A temperature controller is part of a measurement and control system and is responsible for controlling the temperature in an installation. Temperature controllers are often used together with temperature sensors. Besides the standard on/off thermostat function, temperature controllers have a PID function. Thus, heating processes can not only be started or stopped, but also maintained and controlled according to preset values.
A temperature controller regulates temperature. As part of a dynamic system, a temperature controller is responsible for maintaining or adjusting the temperature.
The temperature controller controls the difference between the measured value and the set value until the measured value equals the set value. They are often used in combination with Pt100 temperature sensors. The universal input of the temperature controller must be configured for this purpose. The Pt100 sensor is linearised in the controller. Apart from Pt100 (Pt500 or Pt1000) sensors, thermocouples and unit signals (0..+10V, 4..+20 mA) can be configured.
The classic digital output of the temperature controller is the relay output, as a make contact or changeover contact. The mechanical output is used for control tasks requiring low switching frequency (contactors, solenoid valves, etc.).
When using relay outputs, the lifetime of the contacts must be taken into account.
Example: the technical specifications of a temperature controller may contain the following information: contact life 350,000 trips at nominal load or 750,000 trips at 1A. The faster a process reacts over time, the higher the required switching frequencies.
A proportional temperature controller (P controller) forms the control deviation based on the set point and the actual value and increases this deviation by the proportional band Xp (Pb). The result is output as the output level.
Example: for a control deviation of 5K, a P controller for a temperature control path with an Xp of 10d igits produces an output level of 50%.
An integrating temperature controller (I-temperature controller) controls the magnitude of the controller's output based on the difference between the measured and set value (setpoint).
Example: If the setpoint value is set to 60 s and the control deviation is 2 K, the output level increases by 2% per 60 s.
An I-temperature controller with a relatively large I-time (tn, rt) relative to the process responds slowly. The controller builds up the output level slowly. The actual value moves very slowly towards the desired value.
An I-temperature controller with a small I-time (tn, rt) relative to the process builds up the output level quickly. If the actual value reaches the setpoint level, the output level of the controller has assumed too high a value. The power delivered to the process is too high and the actual value exceeds the target value.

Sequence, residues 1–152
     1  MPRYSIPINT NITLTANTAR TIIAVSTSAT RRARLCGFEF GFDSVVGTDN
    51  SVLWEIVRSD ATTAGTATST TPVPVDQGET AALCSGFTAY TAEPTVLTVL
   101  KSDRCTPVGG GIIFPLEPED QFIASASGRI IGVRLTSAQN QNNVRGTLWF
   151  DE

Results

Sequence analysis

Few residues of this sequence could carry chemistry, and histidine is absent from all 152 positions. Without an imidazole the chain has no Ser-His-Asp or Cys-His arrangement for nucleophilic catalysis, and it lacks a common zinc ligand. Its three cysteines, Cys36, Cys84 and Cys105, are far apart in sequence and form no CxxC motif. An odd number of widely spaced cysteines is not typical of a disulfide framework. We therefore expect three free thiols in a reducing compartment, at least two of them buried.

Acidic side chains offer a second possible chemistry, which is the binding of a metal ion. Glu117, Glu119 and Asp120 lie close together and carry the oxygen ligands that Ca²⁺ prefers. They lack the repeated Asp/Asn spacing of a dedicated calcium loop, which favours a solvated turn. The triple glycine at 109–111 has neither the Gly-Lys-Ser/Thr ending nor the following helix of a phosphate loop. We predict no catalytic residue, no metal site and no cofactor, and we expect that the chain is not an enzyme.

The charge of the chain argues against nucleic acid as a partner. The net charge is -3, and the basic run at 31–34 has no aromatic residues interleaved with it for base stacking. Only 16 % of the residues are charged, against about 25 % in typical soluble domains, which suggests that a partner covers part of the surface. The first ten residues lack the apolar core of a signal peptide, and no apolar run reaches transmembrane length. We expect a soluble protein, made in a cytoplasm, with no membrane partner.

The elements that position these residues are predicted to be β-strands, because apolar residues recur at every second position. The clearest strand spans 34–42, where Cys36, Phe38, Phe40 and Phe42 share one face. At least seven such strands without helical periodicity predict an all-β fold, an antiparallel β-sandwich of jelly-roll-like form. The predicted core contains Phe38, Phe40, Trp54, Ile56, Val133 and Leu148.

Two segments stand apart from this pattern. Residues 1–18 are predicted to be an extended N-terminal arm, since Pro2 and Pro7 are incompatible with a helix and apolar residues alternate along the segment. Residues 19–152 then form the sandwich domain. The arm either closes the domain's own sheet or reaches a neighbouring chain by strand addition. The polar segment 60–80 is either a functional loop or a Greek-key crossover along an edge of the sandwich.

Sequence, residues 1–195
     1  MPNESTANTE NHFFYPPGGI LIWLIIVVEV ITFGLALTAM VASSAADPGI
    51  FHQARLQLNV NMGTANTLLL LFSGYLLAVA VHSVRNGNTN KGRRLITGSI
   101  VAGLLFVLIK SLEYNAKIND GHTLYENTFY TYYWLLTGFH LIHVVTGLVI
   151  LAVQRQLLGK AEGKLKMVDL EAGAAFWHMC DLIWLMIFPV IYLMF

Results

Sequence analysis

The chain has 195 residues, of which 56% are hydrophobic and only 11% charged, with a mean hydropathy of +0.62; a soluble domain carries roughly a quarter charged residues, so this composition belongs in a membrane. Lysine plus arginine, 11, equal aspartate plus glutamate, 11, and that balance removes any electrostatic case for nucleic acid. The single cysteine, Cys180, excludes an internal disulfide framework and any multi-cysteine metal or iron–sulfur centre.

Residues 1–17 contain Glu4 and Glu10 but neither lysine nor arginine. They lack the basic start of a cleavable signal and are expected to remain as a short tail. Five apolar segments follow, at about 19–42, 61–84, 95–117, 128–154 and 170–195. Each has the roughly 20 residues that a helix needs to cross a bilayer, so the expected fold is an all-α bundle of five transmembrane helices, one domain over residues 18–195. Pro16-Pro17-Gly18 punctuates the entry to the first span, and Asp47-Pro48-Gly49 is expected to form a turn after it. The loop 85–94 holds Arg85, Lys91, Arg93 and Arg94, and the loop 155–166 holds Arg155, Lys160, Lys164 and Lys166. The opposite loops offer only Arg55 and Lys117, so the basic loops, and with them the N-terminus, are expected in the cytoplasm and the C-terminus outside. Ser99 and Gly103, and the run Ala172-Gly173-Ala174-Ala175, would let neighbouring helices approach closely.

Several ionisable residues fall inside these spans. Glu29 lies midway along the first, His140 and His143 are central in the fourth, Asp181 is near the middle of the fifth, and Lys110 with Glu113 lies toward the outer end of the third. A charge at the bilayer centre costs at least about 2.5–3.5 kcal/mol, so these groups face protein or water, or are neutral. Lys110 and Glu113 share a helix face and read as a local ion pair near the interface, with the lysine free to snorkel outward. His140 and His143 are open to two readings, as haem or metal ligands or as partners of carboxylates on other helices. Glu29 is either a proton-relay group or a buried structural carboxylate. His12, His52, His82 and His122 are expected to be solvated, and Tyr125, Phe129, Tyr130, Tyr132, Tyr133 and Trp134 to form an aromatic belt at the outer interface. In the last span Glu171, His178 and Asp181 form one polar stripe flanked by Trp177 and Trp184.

PI controllers combine the advantages of both components: gain (P) and offload time (I). If a control deviation occurs with a PI controller, the P component provides the magnitude of the output change. The I component provides the speed between output changes until the control deviation is 0.
The P-component is the proportional band PB or XP and the i-component is the integration time RT or TN. ( parameters in English/German).
PI temperature controllers are used in a wide range of applications, such as HVAC systems, furnaces, refrigerators and laboratory equipment.
The D-time of a PD temperature controller responds to the change of the measured value.
When the measured value changes in the direction of the set point value and thus there is a risk of exceeding the measured value, the output change is slowed down with the d-action.
When the measured value moves away from the set point value, the output change is accelerated by the d-action.
A PID temperature controller works Proportional, Integrating and Differentiating. Here, the intensity of the individual parameters is adapted to the system to be controlled.
Example Industrial Furnace Construction:
The engineer sets a setpoint for the temperature on the PID controller. With this setpoint, the product should be heated in the oven. A resistance temperature sensor in the oven then measures the temperature and transmits it to the controller. The PID controller then independently controls the heating output. Such that the desired temperature in the oven is reached and maintained for a certain period of time.
By using a PID temperature controller, the oven has more extensive functionality than the standard electronic thermostat on/off function.